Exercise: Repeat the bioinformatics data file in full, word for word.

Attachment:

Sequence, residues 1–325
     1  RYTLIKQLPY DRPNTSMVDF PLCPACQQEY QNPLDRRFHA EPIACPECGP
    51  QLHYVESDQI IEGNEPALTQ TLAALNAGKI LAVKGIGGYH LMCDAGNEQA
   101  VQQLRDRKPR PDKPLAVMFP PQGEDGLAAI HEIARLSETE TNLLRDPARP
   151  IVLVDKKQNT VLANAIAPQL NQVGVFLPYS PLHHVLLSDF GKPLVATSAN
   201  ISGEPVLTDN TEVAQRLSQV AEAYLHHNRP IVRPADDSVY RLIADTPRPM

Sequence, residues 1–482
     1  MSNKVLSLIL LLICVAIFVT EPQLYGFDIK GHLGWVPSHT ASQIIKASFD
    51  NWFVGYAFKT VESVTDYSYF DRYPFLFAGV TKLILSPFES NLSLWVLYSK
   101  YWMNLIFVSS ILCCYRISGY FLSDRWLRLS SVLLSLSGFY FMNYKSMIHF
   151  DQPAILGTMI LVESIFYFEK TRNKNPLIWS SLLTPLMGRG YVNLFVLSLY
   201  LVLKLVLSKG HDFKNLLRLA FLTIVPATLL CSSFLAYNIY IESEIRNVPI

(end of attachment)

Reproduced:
Sequence, residues 1–325
     1  RYTLIKQLPY DRPNTSMVDF PLCPACQQEY QNPLDRRFHA EPIACPECGP
    51  QLHYVESDQI IEGNEPALTQ TLAALNAGKI LAVKGIGGYH LMCDAGNEQA
   101  VQQLRDRKPR PDKPLAVMFP PQGEDGLAAI HEIARLSETE TNLLRDPARP
   151  IVLVDKKQNT VLANAIAPQL NQVGVFLPYS PLHHVLLSDF GKPLVATSAN
   201  ISGEPVLTDN TEVAQRLSQV AEAYLHHNRP IVRPADDSVY RLIADTPRPM

Sequence, residues 1–482
     1  MSNKVLSLIL LLICVAIFVT EPQLYGFDIK GHLGWVPSHT ASQIIKASFD
    51  NWFVGYAFKT VESVTDYSYF DRYPFLFAGV TKLILSPFES NLSLWVLYSK
   101  YWMNLIFVSS ILCCYRISGY FLSDRWLRLS SVLLSLSGFY FMNYKSMIHF
   151  DQPAILGTMI LVESIFYFEK TRNKNPLIWS SLLTPLMGRG YVNLFVLSLY
   201  LVLKLVLSKG HDFKNLLRLA FLTIVPATLL CSSFLAYNIY IESEIRNVPI